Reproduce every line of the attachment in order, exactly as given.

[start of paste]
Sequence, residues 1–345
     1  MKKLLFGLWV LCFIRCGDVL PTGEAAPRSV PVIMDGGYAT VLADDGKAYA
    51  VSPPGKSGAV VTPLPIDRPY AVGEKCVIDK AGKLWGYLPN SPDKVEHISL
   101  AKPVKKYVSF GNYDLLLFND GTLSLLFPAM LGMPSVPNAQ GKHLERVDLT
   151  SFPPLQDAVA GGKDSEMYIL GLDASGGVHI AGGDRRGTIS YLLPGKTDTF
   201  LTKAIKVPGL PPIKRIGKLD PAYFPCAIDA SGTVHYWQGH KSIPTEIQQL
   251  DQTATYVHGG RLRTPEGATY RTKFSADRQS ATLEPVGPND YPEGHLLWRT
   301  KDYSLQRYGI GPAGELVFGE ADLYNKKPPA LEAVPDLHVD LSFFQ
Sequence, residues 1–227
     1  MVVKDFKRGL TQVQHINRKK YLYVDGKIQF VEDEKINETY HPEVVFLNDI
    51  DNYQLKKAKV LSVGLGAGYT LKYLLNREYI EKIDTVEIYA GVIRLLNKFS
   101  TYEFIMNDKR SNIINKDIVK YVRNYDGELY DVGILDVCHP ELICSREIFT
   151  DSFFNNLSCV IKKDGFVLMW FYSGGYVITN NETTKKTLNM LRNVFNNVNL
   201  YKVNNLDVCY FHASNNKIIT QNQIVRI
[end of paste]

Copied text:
Sequence, residues 1–345
     1  MKKLLFGLWV LCFIRCGDVL PTGEAAPRSV PVIMDGGYAT VLADDGKAYA
    51  VSPPGKSGAV VTPLPIDRPY AVGEKCVIDK AGKLWGYLPN SPDKVEHISL
   101  AKPVKKYVSF GNYDLLLFND GTLSLLFPAM LGMPSVPNAQ GKHLERVDLT
   151  SFPPLQDAVA GGKDSEMYIL GLDASGGVHI AGGDRRGTIS YLLPGKTDTF
   201  LTKAIKVPGL PPIKRIGKLD PAYFPCAIDA SGTVHYWQGH KSIPTEIQQL
   251  DQTATYVHGG RLRTPEGATY RTKFSADRQS ATLEPVGPND YPEGHLLWRT
   301  KDYSLQRYGI GPAGELVFGE ADLYNKKPPA LEAVPDLHVD LSFFQ
Sequence, residues 1–227
     1  MVVKDFKRGL TQVQHINRKK YLYVDGKIQF VEDEKINETY HPEVVFLNDI
    51  DNYQLKKAKV LSVGLGAGYT LKYLLNREYI EKIDTVEIYA GVIRLLNKFS
   101  TYEFIMNDKR SNIINKDIVK YVRNYDGELY DVGILDVCHP ELICSREIFT
   151  DSFFNNLSCV IKKDGFVLMW FYSGGYVITN NETTKKTLNM LRNVFNNVNL
   201  YKVNNLDVCY FHASNNKIIT QNQIVRI